In December of 1979, the UFW filed an unfair labor practice charging that respondent Glass had violated its duty to bargain in good faith with the UFW, the board certified representative of Glass employees. The UFW claimed that: (1) Glass had failed to notify the UFW of a change in the company's arrangement for harvesting citrus for Glass packing sheds; (2) the change had resulted in the elimination of bargaining unit work; and (3) Glass had refused to bargain over the change in its harvesting arrangement. Approximately a year later, a second charge was filed alleging Glass violated its duty to bargain by refusing to provide its workers' union with information regarding the unilateral changes alleged in the earlier charge.

In September of 1982, the ALRB's regional director issued an amended administrative complaint against Glass and DMB, the successor to Glass, alleging the two companies had eliminated, diverted, and subcontracted bargaining unit work without notice to or bargaining with the UFW. The complaint further alleged Glass and DMB had unlawfully refused to provide information to the union in connection with changes in the terms and conditions of employment of the members of the bargaining unit in violation of section 1153, subdivisions (a), (c), and (e) of the Agricultural Labor Relations Act (ALRA). fn. 2 This administrative complaint was amended in November 1982, adding as additional respondents three former California citrus growers: Rancho Marco de Oro, Rancho Oro Verde, and Rancho de Diamantes.

On September 13, 1982, general counsel served a number of subpoenas duces tecum and subpoenas ad testificandum on Glass/DMB, and a number [175 Cal. App. 3d 709] of individuals or business entities alleged to be agents or alter egos of Glass/DMB. General counsel alleged the subpoenaed information would demonstrate Glass had eliminated bargaining unit work through unilateral subcontracting; Glass had initiated the change in harvesting arrangements so that, beginning with the 1979 harvest, labor would be provided through labor contractors allegedly hired directly by growers rather than Glass; Glass had previously deducted the harvesting labor costs from the growers' sales proceeds; and even though growers now ostensibly hired their own workers, Glass continued to finance the labor costs for these growers. The persons and entities were ordered to appear to testify and produce documentary records at the unfair labor practice hearing involving Glass/DMB.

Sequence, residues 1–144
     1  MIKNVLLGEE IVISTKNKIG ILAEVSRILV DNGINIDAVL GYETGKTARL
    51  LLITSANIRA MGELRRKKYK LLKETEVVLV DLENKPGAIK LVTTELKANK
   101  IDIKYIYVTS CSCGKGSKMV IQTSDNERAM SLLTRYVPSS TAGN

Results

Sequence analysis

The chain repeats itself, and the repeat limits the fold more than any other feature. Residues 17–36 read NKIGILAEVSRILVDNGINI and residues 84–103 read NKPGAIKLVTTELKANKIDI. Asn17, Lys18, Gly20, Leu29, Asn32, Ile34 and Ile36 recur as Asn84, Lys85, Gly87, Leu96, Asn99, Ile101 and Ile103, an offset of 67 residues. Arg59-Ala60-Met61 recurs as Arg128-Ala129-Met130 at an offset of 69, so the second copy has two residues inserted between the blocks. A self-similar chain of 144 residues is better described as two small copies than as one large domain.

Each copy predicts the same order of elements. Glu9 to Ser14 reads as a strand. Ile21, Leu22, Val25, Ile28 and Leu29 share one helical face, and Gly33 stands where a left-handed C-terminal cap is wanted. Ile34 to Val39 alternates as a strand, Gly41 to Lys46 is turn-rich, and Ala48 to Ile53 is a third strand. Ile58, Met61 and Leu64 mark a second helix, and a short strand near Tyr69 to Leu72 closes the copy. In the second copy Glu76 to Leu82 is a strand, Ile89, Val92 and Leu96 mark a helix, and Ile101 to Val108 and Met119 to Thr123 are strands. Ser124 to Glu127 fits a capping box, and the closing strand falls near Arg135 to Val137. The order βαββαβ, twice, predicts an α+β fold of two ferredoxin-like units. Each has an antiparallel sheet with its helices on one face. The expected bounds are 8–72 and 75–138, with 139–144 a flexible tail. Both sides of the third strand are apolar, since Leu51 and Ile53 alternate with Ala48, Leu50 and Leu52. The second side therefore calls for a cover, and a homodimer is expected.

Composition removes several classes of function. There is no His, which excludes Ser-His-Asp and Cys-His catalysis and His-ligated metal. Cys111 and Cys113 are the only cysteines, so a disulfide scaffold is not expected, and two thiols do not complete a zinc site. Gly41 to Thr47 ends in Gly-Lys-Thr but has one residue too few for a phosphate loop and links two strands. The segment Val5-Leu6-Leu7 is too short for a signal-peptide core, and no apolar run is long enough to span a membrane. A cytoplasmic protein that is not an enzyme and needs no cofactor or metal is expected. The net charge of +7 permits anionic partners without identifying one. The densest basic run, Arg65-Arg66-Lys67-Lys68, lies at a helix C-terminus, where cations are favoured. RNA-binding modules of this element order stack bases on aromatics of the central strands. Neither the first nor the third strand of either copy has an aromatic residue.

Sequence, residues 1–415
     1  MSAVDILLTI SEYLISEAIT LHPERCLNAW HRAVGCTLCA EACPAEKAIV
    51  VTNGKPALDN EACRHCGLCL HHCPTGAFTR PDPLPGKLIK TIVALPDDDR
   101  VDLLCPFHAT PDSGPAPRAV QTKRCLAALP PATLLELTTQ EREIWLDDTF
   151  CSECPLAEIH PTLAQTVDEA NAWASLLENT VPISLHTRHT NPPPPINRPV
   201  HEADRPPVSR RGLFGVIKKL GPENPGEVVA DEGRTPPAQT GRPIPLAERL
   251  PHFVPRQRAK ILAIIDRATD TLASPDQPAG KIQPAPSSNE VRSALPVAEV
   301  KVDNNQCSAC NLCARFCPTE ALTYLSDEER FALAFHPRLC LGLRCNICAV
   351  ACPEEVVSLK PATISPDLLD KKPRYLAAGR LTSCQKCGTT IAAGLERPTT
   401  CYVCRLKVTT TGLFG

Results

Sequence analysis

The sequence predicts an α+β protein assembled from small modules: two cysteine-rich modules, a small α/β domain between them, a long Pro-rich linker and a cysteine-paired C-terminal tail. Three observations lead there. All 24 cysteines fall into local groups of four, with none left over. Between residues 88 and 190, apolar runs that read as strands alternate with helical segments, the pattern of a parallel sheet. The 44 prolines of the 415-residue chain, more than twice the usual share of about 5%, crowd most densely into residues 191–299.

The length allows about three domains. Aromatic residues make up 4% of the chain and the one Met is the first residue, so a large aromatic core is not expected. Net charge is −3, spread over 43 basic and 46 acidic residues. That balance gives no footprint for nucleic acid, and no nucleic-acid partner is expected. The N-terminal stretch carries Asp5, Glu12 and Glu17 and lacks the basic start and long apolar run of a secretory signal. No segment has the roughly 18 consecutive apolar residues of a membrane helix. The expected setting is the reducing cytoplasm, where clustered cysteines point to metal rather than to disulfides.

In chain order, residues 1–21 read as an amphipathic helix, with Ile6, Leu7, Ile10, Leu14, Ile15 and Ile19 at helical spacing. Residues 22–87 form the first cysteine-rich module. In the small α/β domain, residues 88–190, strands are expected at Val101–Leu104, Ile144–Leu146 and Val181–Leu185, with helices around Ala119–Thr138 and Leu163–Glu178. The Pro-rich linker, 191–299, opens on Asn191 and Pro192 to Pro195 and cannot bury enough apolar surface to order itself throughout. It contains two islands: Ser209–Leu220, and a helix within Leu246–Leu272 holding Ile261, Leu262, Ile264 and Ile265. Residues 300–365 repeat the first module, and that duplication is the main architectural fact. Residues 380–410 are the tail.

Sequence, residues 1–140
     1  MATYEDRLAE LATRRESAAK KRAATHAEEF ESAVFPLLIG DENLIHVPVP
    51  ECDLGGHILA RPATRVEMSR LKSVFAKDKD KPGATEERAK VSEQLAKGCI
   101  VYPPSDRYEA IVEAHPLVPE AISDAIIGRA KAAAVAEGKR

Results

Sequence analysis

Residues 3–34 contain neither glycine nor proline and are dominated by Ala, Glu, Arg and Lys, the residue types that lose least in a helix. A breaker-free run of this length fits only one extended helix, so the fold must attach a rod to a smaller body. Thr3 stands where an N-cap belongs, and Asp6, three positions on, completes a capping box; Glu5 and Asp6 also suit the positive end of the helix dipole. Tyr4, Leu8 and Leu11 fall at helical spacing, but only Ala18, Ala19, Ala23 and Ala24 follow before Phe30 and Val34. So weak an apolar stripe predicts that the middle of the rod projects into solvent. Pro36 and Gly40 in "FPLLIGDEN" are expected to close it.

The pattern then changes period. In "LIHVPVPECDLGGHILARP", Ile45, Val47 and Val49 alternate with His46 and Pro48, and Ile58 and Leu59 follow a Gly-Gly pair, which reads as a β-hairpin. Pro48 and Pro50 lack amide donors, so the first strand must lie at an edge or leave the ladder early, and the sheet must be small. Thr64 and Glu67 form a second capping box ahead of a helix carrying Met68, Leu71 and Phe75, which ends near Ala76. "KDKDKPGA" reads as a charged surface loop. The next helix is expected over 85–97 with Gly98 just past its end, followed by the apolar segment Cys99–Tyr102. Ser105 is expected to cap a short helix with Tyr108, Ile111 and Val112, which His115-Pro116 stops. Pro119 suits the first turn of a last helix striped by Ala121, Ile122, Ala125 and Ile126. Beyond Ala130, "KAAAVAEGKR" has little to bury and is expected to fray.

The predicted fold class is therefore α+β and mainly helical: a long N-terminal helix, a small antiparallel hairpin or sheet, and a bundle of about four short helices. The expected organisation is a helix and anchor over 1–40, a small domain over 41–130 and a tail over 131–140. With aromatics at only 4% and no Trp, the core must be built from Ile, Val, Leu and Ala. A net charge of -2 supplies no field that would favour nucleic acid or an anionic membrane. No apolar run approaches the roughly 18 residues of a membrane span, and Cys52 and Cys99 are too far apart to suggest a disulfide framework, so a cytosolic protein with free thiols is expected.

On September 20, 1982, Glass/DMB filed petitions to revoke the subpoenas duces tecum pursuant to section 1151, subdivision (a), fn. 3 and California Administrative Code, title 8, section 20250, subdivision (f). fn. 4 The petitions to revoke were heard on October 7, 1982, by the ALJ conducting the [175 Cal. App. 3d 710] unfair labor practice hearing. On October 13, 1982, the ALJ granted enforcement of the subpoenas after limiting their scope. Glass/DMB contended at this hearing the identities of the growers for whom the company packed were trade secrets and protected by the trade secret privilege. (Evid. Code, § 1060.) fn. 5 The ALJ ordered Glass/DMB to produce the information for in camera inspection before ruling on the question of trade secret privilege. Glass/DMB refused to comply with the ALJ's in camera inspection order of the subpoenaed documents.

On October 20, 1982, the ALJ filed a declaration with the ALRB stating Glass/DMB refused to comply with the in camera inspection order, and wished to contest the validity of the ALJ's order in superior court. The ALJ recommended the ALRB issue an order seeking enforcement of the subpoenas pursuant to section 1151, subdivision (b). fn. 6

On October 26, 1982, the ALRB issued an order directing compliance with the ALJ's October 13, 1982, order and approving enforcement of the subpoenas in superior court pursuant to section 1151, subdivision (b).

On November 9, 1982, general counsel filed an application for an order requiring obedience to certain subpoenas duces tecum together with points and authorities in support of the application. (Agricultural Labor Relations Board v. R.A. Glass Co. et al., Indio 86681.)

On December 20, 1982, the superior court issued the following minute order denying the application for an order requiring obedience to the subpoenas:

"Application for order requiring obedience to subpoena duces tecum, denied.